Once both players have exhausted all their moves i.e. played all possible cards, turned over any revealed face down cards and ensured they have five rows (creating a new one if necessary as above), then there is a pause. Each player makes sure the other is ready to draw a new card, by asking or looking and raising an eyebrow enquiringly. Then after a count of “One... Two..Three...” another card is drawn from each reserve stack and the ordeal continues.
Once you have only five (sometimes this is played as four, agree before beginning) cards remaining in front of you, you can take them in your hand. If you have played all the cards in your rows then (but for one small detail) you have effectively won the round. The detail is this: you must shout “SPIT!” and place your hand on one of the piles.
     <-- opponents cards
 || ||  <-- reserve card piles at extremes, playing piles inside
<-- all your cards are gone
It would be advantageous to pay attention to the size of each pile, and perhaps even deliberately play more frequently into one. Pick the smaller pile, because once you do so the round ends, and the pile you pick is added to the remains of your reserve stack. Sometimes it is played so that once your opponent sees that you are about to finish, they can shout spit and grab a pile, regardless of their state of completion. This is a valid rule but some people consider it unfair. However the case will probably arise with equally good players where they will finish simultaneously and this is where speed is of the essence (be prepared for some finger collisions).
Once the second round has begun, play continues as above. Depending on how the previous round went the situation may arise where one player completes his reserve stack before playing all his cards. If this is the case then he must wait for his opponent to draw from her reserve stack and he must play on the other person’s pile until he finishes all his cards (he then would be wise to ‘spit’ on his own pile, as it has been played on less).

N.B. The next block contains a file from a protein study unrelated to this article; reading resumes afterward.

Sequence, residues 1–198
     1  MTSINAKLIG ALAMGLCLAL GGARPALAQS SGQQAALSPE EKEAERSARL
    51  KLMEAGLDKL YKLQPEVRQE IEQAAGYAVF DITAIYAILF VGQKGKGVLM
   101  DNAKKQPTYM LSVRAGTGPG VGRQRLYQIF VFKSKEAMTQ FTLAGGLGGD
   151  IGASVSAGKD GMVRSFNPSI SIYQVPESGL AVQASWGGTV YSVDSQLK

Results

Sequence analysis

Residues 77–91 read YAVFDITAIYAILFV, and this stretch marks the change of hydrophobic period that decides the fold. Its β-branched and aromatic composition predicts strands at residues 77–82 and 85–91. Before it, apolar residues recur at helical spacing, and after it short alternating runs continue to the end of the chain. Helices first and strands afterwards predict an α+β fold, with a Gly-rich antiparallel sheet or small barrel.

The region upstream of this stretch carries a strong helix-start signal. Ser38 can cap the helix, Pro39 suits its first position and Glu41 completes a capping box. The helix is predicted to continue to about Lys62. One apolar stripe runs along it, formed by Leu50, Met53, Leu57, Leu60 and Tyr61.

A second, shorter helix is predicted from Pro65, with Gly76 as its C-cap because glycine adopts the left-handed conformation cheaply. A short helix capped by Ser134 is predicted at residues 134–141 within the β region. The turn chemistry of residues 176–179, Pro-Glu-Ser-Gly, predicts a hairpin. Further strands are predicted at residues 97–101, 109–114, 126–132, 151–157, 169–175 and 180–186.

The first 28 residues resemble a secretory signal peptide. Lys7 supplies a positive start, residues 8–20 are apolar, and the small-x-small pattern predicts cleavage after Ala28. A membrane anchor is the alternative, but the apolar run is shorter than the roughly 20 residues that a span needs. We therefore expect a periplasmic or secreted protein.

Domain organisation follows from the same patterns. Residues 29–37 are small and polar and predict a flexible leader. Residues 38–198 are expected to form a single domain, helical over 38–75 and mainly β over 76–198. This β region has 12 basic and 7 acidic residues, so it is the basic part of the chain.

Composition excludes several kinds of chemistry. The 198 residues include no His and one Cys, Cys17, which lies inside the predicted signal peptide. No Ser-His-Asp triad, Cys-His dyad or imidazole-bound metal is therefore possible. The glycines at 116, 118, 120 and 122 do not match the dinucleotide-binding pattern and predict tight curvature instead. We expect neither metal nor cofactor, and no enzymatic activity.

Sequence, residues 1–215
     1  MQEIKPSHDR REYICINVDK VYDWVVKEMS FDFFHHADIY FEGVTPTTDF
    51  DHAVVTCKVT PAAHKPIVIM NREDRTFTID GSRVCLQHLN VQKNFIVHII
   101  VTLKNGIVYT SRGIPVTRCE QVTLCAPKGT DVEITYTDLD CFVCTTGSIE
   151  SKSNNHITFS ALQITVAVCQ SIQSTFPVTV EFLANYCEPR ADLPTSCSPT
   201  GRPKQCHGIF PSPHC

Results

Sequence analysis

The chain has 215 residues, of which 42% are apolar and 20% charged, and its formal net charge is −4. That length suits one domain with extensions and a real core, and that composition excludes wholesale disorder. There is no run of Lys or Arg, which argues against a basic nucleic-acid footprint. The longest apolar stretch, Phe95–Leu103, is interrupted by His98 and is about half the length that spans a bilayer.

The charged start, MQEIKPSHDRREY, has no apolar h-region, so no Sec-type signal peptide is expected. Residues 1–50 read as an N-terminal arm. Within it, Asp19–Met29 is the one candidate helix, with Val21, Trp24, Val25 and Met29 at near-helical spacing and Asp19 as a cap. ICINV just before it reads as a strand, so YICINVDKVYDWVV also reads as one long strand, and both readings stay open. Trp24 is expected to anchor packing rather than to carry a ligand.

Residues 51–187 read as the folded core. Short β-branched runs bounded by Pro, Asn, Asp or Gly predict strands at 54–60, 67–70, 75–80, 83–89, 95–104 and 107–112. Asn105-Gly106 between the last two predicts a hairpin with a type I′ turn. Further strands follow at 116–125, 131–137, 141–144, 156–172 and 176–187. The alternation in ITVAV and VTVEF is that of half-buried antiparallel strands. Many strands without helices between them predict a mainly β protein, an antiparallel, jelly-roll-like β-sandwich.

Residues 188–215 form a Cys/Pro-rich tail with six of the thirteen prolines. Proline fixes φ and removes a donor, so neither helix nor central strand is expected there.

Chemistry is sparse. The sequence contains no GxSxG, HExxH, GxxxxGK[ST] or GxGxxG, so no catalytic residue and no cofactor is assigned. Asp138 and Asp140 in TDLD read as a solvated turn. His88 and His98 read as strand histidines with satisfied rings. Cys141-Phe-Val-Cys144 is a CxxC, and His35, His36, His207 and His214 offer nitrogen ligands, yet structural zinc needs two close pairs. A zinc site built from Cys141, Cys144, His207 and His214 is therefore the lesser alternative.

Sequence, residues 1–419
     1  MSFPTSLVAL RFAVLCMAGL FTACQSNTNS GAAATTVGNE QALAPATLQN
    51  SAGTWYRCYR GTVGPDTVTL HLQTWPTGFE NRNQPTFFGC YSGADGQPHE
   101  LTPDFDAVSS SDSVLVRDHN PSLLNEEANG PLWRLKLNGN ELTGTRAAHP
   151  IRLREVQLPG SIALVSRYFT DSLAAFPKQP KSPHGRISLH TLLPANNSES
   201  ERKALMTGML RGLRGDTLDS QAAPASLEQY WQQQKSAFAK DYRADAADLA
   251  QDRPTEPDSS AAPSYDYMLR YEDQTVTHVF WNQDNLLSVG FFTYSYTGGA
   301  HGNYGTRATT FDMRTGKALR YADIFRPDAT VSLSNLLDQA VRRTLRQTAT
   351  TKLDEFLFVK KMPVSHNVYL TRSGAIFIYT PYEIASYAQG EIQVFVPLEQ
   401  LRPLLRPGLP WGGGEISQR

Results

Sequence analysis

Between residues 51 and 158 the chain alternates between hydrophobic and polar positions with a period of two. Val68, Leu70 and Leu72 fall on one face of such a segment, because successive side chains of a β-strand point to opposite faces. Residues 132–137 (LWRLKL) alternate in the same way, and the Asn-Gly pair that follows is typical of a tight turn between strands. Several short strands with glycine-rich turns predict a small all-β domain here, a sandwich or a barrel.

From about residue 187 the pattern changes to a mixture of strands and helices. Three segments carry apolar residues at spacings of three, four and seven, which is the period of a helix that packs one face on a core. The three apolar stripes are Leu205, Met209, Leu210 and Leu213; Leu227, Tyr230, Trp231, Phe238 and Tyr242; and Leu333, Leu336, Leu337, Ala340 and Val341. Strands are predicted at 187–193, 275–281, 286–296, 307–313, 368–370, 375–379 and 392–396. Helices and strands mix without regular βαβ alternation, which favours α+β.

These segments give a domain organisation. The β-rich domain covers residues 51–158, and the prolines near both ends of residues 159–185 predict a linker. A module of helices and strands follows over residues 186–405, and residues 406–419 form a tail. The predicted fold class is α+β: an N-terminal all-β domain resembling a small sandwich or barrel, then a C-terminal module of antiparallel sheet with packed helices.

When one player has less than 15 cards at the end of a round then he should deal in the proper manner for as long as he can and then turn over the top card on any unfinished piles. Play as normal (with only one playing pile obviously) and when someone finishes they should ‘spit’ on the empty space where there should be another pile. Sometimes there is a rule that there must be a card on the table instead of his paying pile, to prevent the two players ‘spitting’ on two different parts of the empty table and claiming to have won. This isn’t absolutely necessary if both acknowledge a specific part of the table as the designated area. If the winner of the round has no cards left then he is the winner of the game.
     <-- opponents cards
 || X <-- ‘spit’ on the X
<-- all your cards are gone
This is a very long-winded explanation, which gives the impression of a very long a tedious game. It isn’t. A game including several rounds, may last anywhere between 2 and 10 minutes approx. The trick is to play as quickly as possible. This includes dealing at the beginning, it shouldn’t take longer than about 30 or 40 seconds to deal and sort your cards.
I hope I have described this adequately. If I have and you choose to try it out you will no doubt discover what an addictive game it is, perfect to waste 20 minutes or so on a rainy day.
I only remembered that this game is sometimes called speed after I had written this. There is a good writeup there and at speed card game too. There is some overlap, but some differences too. Silly me.